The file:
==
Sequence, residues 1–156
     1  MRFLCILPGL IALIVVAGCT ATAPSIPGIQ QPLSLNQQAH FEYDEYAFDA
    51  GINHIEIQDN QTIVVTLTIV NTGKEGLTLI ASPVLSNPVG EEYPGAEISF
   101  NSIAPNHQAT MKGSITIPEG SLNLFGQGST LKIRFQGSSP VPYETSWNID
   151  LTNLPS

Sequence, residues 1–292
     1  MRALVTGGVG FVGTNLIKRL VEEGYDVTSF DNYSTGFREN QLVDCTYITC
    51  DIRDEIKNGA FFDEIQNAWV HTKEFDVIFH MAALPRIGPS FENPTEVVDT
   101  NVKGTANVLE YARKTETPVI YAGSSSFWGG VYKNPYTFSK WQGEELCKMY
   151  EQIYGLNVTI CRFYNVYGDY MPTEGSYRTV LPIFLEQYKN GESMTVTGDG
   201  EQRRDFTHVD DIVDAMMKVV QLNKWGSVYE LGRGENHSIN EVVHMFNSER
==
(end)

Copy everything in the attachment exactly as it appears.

Sequence, residues 1–156
     1  MRFLCILPGL IALIVVAGCT ATAPSIPGIQ QPLSLNQQAH FEYDEYAFDA
    51  GINHIEIQDN QTIVVTLTIV NTGKEGLTLI ASPVLSNPVG EEYPGAEISF
   101  NSIAPNHQAT MKGSITIPEG SLNLFGQGST LKIRFQGSSP VPYETSWNID
   151  LTNLPS

Sequence, residues 1–292
     1  MRALVTGGVG FVGTNLIKRL VEEGYDVTSF DNYSTGFREN QLVDCTYITC
    51  DIRDEIKNGA FFDEIQNAWV HTKEFDVIFH MAALPRIGPS FENPTEVVDT
   101  NVKGTANVLE YARKTETPVI YAGSSSFWGG VYKNPYTFSK WQGEELCKMY
   151  EQIYGLNVTI CRFYNVYGDY MPTEGSYRTV LPIFLEQYKN GESMTVTGDG
   201  EQRRDFTHVD DIVDAMMKVV QLNKWGSVYE LGRGENHSIN EVVHMFNSER